Monocytes

Haematology at a Glance
Pathophysiology of Blood Disorders
Haematology at a Glance Pathophysiology of Blood Disorders

Monocytes are a type of agranulocytes, which are in turn a type of leucocytes (white blood cells).

Agranulocytes, including monocytes, are distinguished from the other category of leucocytes - which are called granulocytes, because agranulocytes do not contain chemical-filled cytoplasmic vesicles called "granules".

  • 3-8% of all white blood cells are monocytes.
  • Monocytes are typically 12-20 um in diameter.
  • They have kidney-shaped nuclei and blue-grey cytoplasm which looks somewhat "foamy".

An important function of monocytes is combating microbes by the process of phagocytosis (after transforming into fixed or wandering macrophages).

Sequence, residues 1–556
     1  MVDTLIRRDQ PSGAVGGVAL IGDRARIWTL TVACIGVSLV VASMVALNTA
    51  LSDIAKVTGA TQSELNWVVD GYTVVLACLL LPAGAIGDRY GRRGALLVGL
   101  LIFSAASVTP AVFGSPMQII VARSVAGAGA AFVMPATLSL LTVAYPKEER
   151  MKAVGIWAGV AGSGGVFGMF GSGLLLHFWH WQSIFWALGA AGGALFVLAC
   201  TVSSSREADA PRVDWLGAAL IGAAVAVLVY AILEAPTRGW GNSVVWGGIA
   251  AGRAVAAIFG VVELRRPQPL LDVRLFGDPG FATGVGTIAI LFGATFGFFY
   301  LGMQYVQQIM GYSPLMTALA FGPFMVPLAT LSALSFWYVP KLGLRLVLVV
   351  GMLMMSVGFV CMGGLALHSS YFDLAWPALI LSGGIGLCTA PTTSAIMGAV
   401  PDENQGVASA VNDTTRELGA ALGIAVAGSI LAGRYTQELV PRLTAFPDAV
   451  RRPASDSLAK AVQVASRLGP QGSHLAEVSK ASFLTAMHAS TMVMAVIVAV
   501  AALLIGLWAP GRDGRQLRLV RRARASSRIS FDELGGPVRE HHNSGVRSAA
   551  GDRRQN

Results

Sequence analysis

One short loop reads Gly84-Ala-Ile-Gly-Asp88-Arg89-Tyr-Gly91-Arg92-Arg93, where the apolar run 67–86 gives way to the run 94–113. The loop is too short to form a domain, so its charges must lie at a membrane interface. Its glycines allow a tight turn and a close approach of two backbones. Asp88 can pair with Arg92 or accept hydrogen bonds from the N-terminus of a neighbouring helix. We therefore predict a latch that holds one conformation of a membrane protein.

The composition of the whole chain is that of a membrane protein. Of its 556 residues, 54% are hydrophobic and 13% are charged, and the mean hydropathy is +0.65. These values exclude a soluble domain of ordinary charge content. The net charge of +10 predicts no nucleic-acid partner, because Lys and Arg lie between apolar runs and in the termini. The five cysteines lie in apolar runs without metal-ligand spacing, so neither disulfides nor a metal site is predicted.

Phagocytosis is the engulfment and digestion of bacteria and other antigens by phagocytes, as shown:



For more information about other components (sometimes called the 'constituents') of blood, see the page about the structure and functions of blood. This may interest students of holistic massage, reflexology, beauty therapies, or health-related courses.

More about blood

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